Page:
please tell me the answer of this question.it is irritating me a lot. i have searched many books but not getting it.please help!!

An array is just a pointer. The only difference is that arrays always point to the same memory and will have a static number of elements.

int main(int argc, char** argv)
{
    int* ptr;      //A pointer to an int.
    int array[4] = {2, 4, 6, 8};  //A static array.
    int fifi = 20; //A regular integer.

    ptr = &fifi; //Makes ptr point at fifi.
    printf("%i\n", *ptr);   //This will printf the value of fifi, perfectly legal.
    printf("%i\n", ptr[0]); //This is also legal, does the same thing, but counterintuitive.
    ptr = &array[1]; //You can make them point to the middle of an array.
                     //This effectively makes ptr be a 3-element array with the values
                     //4, 6, and 8.
    printf("%i\n", ptr[2]); //This should print the 8 located at array[3].
    array = &fifi;    //THIS, HOWEVER, IS ILLEGAL C. ARRAYS CANNOT BE MOVED.
    return 0;
}

Also, notice how some people use "char* argv[]" and others use "char** argv"? They're both the same thing for that very reason.

An array is just a pointer.

Wrong. An array name when used in value context is converted to a pointer to the first element. But an array is not a pointer, which is easily proven by switching to an object context:

#include <stdio.h>

int main(void)
{
    int a[] = {1,2,3,4,5};
    int *p = &a[0];

    printf("%zd\n%zd\n", sizeof a, sizeof p);

    return 0;
}

Also, notice how some people use "char* argv[]" and others use "char** argv"? They're both the same thing for that very reason.

It's a shame that this notation was allowed, because it's both the source of and continued cause for confusion about pointers and arrays. Also note that it's only allowed on the first dimension of an array. void foo(int a[][10]) is not equivalent to void foo(int **p) .

When you're talking about runtime, a computer honestly can't tell the difference and most of these differences between arrays and pointers are resolved during compile. sizeof() just happens to be one of those static expressions that gets resolved in such a way. The wording of my answer had to do with "abstract representation" in the OP's title.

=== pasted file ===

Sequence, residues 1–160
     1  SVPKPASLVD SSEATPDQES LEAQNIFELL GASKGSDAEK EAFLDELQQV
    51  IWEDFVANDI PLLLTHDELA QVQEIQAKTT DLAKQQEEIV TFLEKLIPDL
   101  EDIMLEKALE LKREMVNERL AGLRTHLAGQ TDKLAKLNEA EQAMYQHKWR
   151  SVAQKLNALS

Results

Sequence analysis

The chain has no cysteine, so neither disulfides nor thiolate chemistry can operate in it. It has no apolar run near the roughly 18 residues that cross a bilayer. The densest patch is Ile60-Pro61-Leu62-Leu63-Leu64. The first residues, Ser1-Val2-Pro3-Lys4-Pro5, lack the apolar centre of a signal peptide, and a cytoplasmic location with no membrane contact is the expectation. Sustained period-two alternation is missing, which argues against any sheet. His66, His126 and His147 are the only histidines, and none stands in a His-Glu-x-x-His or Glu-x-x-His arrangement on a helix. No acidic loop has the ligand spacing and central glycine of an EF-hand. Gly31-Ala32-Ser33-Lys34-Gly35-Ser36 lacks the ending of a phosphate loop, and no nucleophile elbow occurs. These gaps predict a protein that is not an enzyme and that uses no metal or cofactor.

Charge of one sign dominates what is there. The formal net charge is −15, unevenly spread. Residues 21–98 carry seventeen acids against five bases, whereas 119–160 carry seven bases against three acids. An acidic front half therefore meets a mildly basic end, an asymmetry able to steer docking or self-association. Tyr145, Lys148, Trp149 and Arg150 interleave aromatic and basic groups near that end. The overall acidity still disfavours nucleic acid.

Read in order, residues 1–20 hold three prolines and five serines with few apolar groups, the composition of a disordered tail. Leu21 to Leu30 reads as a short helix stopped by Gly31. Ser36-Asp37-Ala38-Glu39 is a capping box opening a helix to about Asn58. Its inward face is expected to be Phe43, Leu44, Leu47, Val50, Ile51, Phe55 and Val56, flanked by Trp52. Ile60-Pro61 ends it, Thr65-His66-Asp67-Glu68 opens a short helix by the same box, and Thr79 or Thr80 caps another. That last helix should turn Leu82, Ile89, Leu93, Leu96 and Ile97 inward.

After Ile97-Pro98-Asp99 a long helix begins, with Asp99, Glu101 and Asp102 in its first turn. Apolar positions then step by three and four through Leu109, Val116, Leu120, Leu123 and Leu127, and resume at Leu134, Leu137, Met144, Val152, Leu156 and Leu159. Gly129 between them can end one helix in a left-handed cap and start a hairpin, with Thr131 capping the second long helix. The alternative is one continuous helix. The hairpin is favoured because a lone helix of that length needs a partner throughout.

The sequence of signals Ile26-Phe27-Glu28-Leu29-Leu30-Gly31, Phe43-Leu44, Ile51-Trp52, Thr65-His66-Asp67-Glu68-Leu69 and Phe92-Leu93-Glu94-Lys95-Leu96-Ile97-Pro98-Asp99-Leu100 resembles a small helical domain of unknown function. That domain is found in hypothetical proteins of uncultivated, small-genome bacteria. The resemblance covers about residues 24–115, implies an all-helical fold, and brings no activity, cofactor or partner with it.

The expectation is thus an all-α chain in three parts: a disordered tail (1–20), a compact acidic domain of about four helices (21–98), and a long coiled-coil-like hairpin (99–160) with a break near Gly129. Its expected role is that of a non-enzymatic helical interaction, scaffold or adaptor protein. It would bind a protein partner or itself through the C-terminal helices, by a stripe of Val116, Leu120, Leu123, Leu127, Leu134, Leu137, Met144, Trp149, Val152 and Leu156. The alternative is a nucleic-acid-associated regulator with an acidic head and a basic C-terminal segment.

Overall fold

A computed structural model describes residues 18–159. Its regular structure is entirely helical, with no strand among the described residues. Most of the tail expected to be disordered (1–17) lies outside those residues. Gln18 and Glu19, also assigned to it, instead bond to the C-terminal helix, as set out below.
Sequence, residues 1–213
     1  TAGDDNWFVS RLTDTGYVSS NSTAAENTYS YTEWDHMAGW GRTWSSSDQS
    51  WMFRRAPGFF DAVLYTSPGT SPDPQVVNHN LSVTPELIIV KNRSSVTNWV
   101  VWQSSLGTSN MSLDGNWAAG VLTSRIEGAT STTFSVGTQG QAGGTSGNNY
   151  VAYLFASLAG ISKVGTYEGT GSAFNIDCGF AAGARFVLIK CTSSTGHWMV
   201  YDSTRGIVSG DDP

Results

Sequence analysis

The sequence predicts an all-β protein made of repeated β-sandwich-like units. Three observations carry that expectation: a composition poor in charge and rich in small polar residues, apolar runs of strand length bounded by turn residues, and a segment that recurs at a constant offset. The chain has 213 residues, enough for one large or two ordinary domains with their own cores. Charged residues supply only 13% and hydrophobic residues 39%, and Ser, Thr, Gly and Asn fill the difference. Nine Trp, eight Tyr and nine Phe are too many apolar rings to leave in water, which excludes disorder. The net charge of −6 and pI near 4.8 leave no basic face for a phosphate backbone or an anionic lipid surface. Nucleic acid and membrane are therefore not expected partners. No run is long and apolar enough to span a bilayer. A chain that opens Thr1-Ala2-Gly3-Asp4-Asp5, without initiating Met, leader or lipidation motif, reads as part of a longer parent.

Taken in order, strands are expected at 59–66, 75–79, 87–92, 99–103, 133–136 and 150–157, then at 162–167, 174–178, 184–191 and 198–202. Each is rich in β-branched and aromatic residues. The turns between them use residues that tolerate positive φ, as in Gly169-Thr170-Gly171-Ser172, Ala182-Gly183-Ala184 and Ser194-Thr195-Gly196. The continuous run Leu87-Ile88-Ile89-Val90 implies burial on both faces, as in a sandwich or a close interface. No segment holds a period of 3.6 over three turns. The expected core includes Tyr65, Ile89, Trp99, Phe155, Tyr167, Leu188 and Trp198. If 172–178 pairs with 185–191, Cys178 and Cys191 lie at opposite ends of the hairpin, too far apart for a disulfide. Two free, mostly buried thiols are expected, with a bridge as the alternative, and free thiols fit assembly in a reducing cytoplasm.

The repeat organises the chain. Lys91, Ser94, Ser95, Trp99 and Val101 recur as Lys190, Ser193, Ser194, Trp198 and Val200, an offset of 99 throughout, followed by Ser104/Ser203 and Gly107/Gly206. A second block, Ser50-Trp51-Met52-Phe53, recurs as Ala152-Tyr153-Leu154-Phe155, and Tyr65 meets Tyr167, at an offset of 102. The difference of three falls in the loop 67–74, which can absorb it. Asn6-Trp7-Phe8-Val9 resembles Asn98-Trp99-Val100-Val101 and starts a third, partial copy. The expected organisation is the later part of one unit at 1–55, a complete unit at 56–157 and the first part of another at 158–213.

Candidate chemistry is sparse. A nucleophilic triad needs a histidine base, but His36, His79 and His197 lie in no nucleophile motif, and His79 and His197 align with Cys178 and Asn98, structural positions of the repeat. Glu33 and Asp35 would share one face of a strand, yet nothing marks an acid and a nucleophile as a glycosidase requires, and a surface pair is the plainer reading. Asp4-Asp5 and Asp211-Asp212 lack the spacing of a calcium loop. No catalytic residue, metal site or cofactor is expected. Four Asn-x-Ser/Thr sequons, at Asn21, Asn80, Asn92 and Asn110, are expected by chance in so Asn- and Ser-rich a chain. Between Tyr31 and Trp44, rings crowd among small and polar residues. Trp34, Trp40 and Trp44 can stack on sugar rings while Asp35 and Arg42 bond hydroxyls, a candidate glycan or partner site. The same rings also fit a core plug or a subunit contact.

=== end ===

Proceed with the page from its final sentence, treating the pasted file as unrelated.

When you're talking about runtime

I'm talking about the conceptual difference, not runtime or compile time. Is that "abstract" enough for you?

The wording of my answer had to do with "abstract representation" in the OP's title.

So calling a blatantly incorrect explanation "abstract" suddenly makes it correct? Who knew? :icon_rolleyes: Maybe you should wait until the OP clarifies the question before trying to answer.

what is happening hereby? :-o why all are in dispute even after that i m not getting what are you saying ??

i m not getting what are you saying ??

Let's start over then. Your original question made no sense. Please clarify what you mean by "abstract level representation".

Let's start over then. Your original question made no sense. Please clarify what you mean by "abstract level representation".

after the day when i post that question,i have DS exam.that question came in that even.here goes that question. i m writing it exactly as it comes in my exam.
GIVE AN ABSTRACT LEVEL REPRESENTATION OF THE DATA STRUCTURE ARRAY ?

this is copied from my question paper.

Edited 5 Years Ago by gourav1: n/a

Arrays are typically viewed as so intrinsic that they're not often treated as a separate data structure. But you can certainly create an abstract data type based on at least the essential properties of the array (C++'s vector class is one such example).

Unfortunately, the question is still somewhat ambiguous. Can you give an example of an "abstract level representation" of one of the other data structures you've learned?

A contiguous sequence of memory?

in that answer. it is given like post conditions, pre conditions, and restriction on data which we can enter in array. means it like that they are defining array that how it will work.

This article has been dead for over six months. Start a new discussion instead.